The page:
No matter if you’re leaving for greener pastures or moving just across the street, moving out of a rental is always an ordeal. Aside from physically lifting your belongings (which professionals should do for you), it doesn’t have to be too much of a headache though, especially if you take the right steps.¬†Planning your move¬†carefully and leaving your space the right way is crucial to making this a smooth a process as possible.

Below are some steps to take whenever you decide to move:

Tell Your Landlord When You Will Move Out

As soon as you know for sure when you’ll be out of your rental, make sure you communicate that date to your landlord in writing. If possible, let them sign it as well and make a copy so that you have a firm, no-fuss date of when you will officially be gone. Many renters have simply told their landlords when they’ll be gone, only to have the landlord “forget,” and charge them an extra month as a result.

Telling your landlord when you’ll be gone for in advance is also a nice consideration on your part. Of all the landlord responsibilities that are out there, finding a new renter is generally one of the hardest; it’s not always as easy as just waiting for someone to walk in. Giving them time to prepare for a vacancy will help the move-out/move-in process go smoother for everyone.

Give Your Space a Deep-Clean

The absolute last thing you want to do whenever you move out is leave a mess behind. Landlords lose money every day that a place sits unoccupied, and most will charge a cleaning fee that can sometimes be double or triple what a regular cleaning service would charge to get the work done faster. Who do they pass those charges on to? The previous tenant.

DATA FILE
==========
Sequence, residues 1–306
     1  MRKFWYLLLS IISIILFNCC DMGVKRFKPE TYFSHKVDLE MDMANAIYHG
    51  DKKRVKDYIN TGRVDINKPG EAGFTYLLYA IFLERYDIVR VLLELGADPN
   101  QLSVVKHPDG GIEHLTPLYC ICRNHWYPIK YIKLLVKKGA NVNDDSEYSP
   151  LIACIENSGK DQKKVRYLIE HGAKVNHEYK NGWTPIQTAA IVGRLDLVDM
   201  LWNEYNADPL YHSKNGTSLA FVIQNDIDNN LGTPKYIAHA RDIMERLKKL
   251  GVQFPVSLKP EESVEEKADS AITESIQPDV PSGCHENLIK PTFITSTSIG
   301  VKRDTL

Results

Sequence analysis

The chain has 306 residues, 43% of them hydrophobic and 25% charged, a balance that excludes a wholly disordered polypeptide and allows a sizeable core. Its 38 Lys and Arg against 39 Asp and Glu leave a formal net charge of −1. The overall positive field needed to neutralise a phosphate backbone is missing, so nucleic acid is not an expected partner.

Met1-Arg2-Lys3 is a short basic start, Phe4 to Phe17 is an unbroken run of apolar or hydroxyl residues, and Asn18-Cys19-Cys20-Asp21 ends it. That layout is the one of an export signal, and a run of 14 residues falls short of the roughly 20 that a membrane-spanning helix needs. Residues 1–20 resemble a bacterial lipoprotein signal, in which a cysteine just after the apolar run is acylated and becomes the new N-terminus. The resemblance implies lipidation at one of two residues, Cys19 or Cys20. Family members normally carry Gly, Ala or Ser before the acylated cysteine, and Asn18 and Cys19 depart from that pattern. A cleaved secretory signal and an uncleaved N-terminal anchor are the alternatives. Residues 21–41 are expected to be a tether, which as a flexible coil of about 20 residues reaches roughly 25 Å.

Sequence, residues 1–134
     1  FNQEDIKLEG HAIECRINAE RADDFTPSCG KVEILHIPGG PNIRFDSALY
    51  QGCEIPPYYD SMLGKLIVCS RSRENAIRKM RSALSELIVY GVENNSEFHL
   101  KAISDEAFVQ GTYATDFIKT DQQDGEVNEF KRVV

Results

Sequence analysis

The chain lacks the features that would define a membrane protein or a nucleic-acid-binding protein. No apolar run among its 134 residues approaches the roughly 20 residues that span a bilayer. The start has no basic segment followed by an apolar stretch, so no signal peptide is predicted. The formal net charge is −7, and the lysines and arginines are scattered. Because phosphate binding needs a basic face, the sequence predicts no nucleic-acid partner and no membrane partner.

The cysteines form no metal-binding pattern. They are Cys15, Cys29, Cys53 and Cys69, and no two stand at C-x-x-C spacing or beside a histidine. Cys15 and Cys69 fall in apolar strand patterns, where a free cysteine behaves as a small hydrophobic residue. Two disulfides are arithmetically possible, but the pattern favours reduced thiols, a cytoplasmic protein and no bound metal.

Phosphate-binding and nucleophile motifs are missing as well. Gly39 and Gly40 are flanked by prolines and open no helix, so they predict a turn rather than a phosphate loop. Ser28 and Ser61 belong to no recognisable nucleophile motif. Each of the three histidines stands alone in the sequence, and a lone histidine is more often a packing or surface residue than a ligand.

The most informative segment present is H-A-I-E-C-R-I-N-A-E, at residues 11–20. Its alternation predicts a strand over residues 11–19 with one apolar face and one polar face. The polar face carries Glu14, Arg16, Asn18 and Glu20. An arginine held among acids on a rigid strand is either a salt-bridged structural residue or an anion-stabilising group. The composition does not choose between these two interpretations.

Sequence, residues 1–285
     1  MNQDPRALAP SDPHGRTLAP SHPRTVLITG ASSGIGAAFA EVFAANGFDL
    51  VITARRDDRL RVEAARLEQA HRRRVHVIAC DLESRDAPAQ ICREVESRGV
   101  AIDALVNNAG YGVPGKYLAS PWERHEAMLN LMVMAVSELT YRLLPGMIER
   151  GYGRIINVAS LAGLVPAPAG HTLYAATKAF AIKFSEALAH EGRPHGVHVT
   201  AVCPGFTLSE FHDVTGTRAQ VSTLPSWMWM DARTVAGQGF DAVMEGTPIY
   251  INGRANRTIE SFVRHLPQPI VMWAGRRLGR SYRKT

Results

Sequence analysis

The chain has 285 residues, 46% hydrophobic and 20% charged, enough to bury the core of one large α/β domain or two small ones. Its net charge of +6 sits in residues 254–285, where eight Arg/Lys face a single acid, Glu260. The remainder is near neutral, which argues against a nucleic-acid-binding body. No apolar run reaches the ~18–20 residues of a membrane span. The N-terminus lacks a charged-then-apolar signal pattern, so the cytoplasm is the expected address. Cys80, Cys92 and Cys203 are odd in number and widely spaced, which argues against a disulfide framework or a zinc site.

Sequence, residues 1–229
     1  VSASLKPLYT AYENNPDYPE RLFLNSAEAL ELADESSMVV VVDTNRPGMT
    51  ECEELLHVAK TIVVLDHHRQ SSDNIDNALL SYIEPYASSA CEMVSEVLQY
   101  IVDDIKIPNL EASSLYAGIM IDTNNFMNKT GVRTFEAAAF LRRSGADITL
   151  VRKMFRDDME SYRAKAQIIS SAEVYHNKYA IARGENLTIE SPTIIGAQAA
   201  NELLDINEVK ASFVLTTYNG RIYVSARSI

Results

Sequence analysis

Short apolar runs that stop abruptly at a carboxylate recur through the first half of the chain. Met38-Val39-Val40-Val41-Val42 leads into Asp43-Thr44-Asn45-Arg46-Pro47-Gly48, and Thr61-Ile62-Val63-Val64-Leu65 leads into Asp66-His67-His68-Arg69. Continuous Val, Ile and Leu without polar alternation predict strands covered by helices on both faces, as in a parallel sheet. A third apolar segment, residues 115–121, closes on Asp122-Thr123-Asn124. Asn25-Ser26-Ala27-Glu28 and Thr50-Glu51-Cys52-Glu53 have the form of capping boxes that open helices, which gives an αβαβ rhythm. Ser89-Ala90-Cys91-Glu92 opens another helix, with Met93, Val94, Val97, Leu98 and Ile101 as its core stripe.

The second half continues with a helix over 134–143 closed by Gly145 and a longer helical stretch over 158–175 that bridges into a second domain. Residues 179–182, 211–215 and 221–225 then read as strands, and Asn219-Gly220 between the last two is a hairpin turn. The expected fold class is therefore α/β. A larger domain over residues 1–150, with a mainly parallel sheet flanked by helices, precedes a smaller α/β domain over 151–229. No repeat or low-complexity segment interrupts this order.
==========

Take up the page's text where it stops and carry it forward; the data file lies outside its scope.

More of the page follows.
The safe bet is to get all of your belongings out of your space as soon as possible, and then do a thorough clean of the carpets, walls, cabinets, everything. This will not only make the cleaning easier but will also help you find stains you may not have known existed.

Fix Everything That is Damaged

Whether it’s a hole in the wall that you’ve patched up or a piece of carpet that has a two-foot slice in it, eventually the damage that you caused will be found out, either by the routine inspection or the next renter. You’ll be charged a premium on fixing it by the landlord – for the same reasons as above – but if a future renter finds it, you could be looking at a lawsuit to recover the damages. The best option is to find out what broke and get reputable workers to fix it yourself before you move out.

Document The Entire Unit

When you eventually move out, it’s always a good idea to do a walkthrough with your landlord to verify that there are not any obvious damages, but you also want to make sure you take pictures of every part of your rental. The last thing you want is your landlord coming back later with a claim that something was broken; if they do, simply show them the pictures or video that proves otherwise.

Obtain Your Deposit

If everything checks out with your place and you’ve officially moved out, then the only thing left to do is to get your deposit back. Chances are you should get most if not all of it back, provided that you fixed whatever damage there was and you were honest about the state that it is in. Keep in mind that not all landlords take the initiative to return your deposit to you; it may be that you have to go down to get it yourself. According to landlord tenant law, the security deposit is legally your money, but unless you claim it, they have every right to keep it.

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